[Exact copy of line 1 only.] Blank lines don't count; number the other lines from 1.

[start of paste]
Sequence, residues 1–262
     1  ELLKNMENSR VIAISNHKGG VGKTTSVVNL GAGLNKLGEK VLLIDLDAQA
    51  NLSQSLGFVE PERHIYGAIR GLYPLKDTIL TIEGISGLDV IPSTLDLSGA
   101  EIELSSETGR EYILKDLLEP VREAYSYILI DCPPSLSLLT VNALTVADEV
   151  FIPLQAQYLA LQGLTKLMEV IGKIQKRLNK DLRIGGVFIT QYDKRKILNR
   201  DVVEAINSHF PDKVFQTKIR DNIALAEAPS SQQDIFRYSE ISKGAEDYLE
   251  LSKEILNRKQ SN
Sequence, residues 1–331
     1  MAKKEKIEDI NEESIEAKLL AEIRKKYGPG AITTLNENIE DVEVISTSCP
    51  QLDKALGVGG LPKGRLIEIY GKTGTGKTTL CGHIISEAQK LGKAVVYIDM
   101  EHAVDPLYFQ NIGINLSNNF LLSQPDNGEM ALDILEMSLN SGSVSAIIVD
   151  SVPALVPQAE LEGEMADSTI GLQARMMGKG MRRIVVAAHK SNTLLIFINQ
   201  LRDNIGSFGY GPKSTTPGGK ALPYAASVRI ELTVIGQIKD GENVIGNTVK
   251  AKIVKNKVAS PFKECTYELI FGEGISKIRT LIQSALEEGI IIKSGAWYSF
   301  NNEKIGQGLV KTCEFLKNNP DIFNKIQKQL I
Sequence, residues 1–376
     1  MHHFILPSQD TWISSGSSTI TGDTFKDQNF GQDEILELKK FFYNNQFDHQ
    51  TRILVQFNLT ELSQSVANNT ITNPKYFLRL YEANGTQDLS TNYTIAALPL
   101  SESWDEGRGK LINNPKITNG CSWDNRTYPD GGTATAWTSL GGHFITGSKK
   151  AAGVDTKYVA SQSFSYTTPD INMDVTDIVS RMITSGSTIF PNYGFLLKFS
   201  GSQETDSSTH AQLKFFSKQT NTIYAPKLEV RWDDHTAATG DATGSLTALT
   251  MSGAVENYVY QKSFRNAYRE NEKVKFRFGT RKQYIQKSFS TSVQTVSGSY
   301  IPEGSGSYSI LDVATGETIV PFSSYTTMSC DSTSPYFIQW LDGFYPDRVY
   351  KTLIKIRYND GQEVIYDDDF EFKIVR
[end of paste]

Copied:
Sequence, residues 1–262